"It was a phenomenal opening," said BoxOfficeGuru.com's Gitesh Pandya. "It proves that moviegoers have no problem spending more for 3-D movies."
Ticket prices for 3-D films like "Alice" can cost up to $4 more than traditional films. The film was also shown in IMAX, which can be even more expensive.
According to BoxOfficeMojo.com, about $80 million, or 70%, of the opening haul for "Alice" was due to 3-D ticket sales. In IMAX, "Alice" brought in a record $11.9 million.
Brandon Gray, president of Box Office Mojo, said the combined premium from 3-D and IMAX sales for "Alice" appear to have added about $22 million to the film's gross.
"There were a number of factors working in favor of 'Alice in Wonderland'," Gray said, including the star power of Depp and Burton, as well as Disney's aggressive marketing of the film.
"It was a combination of appealing material and a strong marketing campaign," he said. "You could also say that there was a halo-effect from the 'Avatar' run."
While "Alice" surpassed "Avatar" in its opening weekend, analysts do not expect the Disney film's overall performance to top that of James Cameron's epic, which brought in a total of $2.5 billion to become highest grossing movie ever.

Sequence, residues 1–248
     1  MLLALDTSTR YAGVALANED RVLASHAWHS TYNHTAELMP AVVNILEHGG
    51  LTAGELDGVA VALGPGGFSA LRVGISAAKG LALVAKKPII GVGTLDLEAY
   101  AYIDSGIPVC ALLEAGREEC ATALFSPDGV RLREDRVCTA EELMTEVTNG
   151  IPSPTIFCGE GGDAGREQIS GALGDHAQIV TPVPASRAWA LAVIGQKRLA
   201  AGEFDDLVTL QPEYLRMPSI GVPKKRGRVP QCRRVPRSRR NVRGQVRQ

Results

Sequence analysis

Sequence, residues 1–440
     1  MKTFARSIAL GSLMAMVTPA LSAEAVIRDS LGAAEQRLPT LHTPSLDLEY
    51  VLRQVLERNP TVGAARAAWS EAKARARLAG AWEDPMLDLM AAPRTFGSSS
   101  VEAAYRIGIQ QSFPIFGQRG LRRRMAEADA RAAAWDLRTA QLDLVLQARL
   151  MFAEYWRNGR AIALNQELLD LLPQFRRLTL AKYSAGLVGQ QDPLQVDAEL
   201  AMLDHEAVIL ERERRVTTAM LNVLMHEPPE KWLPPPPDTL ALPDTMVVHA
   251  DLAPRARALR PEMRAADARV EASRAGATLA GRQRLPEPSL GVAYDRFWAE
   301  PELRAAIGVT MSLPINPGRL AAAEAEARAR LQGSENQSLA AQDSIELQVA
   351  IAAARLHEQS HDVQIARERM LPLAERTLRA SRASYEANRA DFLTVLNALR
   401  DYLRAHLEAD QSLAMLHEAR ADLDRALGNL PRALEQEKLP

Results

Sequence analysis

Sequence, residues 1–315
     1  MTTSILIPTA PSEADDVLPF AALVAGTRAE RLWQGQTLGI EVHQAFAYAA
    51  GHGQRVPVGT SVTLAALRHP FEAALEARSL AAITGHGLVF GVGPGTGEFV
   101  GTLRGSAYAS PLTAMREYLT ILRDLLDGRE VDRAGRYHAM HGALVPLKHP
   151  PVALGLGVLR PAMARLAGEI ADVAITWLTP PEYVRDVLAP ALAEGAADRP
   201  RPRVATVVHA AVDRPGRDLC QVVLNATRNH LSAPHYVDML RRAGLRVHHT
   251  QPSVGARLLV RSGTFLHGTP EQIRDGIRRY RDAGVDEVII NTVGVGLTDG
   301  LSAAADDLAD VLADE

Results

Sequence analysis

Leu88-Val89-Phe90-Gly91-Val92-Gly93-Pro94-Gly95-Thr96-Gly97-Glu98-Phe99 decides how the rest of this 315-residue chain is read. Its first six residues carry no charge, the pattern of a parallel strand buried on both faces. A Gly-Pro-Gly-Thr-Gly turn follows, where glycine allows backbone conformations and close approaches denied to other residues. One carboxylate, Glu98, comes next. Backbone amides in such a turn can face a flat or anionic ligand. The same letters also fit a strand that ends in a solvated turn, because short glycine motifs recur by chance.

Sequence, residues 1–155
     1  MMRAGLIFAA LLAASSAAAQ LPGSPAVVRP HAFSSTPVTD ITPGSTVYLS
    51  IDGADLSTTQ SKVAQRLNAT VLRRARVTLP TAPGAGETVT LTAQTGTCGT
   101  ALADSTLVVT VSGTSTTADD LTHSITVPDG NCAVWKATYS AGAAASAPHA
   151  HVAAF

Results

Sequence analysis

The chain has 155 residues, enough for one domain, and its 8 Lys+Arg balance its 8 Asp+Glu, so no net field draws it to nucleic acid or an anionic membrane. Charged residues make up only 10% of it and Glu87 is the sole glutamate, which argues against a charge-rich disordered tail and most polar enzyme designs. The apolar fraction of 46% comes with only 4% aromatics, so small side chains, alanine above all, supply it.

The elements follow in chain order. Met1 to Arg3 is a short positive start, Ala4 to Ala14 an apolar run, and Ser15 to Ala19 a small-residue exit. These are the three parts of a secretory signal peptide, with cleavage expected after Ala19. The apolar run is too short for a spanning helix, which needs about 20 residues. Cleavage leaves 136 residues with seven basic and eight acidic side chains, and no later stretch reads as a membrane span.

"It's going to be a more front-loaded film than 'Avatar,'" Pandya said. "It won't have the same kind of legs."
To be sure, few films have enjoyed the staying power of "Avatar." The 20th Century Fox film opened just before Christmas and benefited from a slew of holiday weekends during its extraordinary 3-month run.
But the success of "Alice" has raised expectations for a host of other highly anticipated 3-D films due out this year, including Warner Brothers' "Clash of the Titans," which comes out next month.
Other 3-D films in the works will capitalize on well known franchises, such as Harry Potter, Shrek and Pirates of the Caribbean.
Jumping the shark
Pandya said he expects most of this year's 3-D features to do well. However, he warned that the challenge for the movie industry will be to take advantage of the current buzz surrounding 3-D films without overdoing it.
"Hollywood is jumping on 3-D bandwagon," Gray said. "There's a high probability they'll run it into the ground."
He said much of the current interest in 3-D movies is due to the novelty of the technology, adding that it's too soon to tell if that interest will last much longer. For the time being, however, it appears that movie-goers are not deterred by higher prices for 3-D films.
"Right now, people seem willing to pay the premium for an enhanced movie going experience," Gray said.